The vagus nerve is the second largest nerve system after the spinal cord. It is the prime mover of the parasympathetic rest/digest response. From the brainstem, it 'wanders' down into the lower abdomen, touching most major organs, especially the digestive organs, along the way. It brings sensory information on the status of your organs back up to the brain for processing. During the stress response, the sympathetic system overrides the parasympathetic. The ability for the body to bounce back and reset after a stressor is mediated by the health of our vagus nerve, or what they call vagal tone.
A body that is free of nerve interference has more power to heal, think, and metabolize. 90% of the stimulation and nutrition to the brain is generated by movement of the spine.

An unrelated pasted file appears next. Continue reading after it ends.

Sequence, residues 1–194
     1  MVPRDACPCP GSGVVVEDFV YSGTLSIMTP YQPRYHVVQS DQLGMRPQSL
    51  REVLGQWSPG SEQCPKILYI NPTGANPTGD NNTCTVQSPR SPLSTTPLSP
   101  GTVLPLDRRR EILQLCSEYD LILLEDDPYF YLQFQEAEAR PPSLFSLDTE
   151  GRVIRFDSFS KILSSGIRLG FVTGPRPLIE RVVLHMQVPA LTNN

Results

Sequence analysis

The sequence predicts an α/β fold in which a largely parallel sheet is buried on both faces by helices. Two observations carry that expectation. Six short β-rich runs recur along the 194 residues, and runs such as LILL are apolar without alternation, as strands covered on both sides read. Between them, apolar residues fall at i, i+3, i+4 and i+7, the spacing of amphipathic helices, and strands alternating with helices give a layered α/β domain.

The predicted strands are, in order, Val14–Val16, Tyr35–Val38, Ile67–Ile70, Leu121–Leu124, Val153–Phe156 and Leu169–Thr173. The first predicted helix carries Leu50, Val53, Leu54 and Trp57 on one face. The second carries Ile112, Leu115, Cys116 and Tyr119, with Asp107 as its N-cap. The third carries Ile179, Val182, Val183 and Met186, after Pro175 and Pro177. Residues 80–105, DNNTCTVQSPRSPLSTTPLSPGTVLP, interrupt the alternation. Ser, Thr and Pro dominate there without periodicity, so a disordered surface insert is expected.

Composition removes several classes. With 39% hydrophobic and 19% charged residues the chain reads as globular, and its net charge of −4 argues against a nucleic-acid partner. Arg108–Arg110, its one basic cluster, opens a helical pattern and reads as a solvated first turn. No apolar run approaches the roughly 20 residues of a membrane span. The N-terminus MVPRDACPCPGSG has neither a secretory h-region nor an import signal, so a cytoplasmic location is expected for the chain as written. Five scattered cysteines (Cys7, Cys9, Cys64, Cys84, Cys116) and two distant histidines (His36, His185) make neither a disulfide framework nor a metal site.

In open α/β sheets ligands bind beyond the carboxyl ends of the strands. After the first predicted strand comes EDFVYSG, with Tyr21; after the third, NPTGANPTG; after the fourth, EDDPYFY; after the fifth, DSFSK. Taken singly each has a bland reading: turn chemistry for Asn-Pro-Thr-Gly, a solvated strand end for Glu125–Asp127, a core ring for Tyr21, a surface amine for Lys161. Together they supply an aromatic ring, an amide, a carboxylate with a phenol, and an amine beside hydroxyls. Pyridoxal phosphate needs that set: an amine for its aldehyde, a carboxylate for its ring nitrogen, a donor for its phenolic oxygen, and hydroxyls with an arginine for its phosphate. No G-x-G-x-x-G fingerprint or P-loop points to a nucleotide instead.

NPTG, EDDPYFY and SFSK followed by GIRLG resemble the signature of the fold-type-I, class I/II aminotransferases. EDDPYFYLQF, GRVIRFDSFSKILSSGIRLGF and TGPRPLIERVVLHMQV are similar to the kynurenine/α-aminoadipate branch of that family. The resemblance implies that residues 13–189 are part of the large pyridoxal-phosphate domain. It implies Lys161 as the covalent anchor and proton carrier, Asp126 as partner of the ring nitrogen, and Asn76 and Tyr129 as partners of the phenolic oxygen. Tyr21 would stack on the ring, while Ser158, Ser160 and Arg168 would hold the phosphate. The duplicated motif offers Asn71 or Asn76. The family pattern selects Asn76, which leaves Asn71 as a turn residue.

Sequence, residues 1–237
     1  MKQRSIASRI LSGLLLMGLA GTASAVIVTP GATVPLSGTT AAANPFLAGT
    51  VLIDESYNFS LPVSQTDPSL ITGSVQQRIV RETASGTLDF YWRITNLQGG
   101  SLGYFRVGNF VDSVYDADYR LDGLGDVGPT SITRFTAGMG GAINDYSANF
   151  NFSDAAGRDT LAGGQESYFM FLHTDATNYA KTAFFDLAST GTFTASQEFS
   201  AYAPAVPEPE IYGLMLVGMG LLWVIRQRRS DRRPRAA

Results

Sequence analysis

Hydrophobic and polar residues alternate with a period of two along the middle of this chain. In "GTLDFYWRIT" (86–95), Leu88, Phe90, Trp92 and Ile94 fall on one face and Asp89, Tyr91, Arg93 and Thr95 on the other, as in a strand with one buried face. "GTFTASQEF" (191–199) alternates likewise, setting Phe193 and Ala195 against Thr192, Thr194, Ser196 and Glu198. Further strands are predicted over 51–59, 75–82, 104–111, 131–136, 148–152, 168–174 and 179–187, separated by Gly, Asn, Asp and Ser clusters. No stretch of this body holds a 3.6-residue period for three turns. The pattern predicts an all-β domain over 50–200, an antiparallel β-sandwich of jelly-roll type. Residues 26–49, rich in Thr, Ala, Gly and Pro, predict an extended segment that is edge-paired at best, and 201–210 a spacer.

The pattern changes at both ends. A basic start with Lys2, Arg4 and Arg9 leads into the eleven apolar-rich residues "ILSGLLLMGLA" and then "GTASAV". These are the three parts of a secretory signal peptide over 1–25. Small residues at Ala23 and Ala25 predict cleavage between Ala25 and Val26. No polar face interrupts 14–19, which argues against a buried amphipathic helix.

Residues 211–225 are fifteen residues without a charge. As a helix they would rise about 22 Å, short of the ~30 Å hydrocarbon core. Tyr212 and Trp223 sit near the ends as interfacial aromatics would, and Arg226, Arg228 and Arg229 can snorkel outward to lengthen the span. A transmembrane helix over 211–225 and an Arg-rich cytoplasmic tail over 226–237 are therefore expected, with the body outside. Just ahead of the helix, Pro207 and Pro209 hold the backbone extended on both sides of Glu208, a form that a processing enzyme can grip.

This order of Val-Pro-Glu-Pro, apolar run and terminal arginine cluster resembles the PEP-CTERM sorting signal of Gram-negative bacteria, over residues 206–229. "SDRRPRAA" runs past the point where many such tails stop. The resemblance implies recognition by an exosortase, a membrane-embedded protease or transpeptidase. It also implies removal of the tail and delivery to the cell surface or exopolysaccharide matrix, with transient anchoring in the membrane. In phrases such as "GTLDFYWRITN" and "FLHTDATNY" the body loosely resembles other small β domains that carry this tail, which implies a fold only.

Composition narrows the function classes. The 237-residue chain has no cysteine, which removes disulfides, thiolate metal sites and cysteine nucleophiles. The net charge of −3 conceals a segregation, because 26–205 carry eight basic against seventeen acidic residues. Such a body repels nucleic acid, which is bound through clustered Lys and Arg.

– Dr. Roger Sperry, Nobel Prize winner for brain research
Improving Brain Function
An overload of toxic stressors causes a neurological imbalance, specifically a neuro-muscular reaction – a tightening of paraspinal muscles, which causes subluxation in the vertebral column. This tightening causes us to become cognitively aware of stress and imbalance, which then prompts us to make changes. Chiropractic patients and other people who are in tune to their bodies can sense when these shifts occur, but for the most part, most modern people are not aware. These paraspinal muscles are like the brain’s “eyes” in the spine because these muscles have a lot of movement sensors. However, altered spinal movement in the long term impacts the brain's ability to properly perceive what is happening in the body. This neurological distortion impacts how it perceives all other sensory information.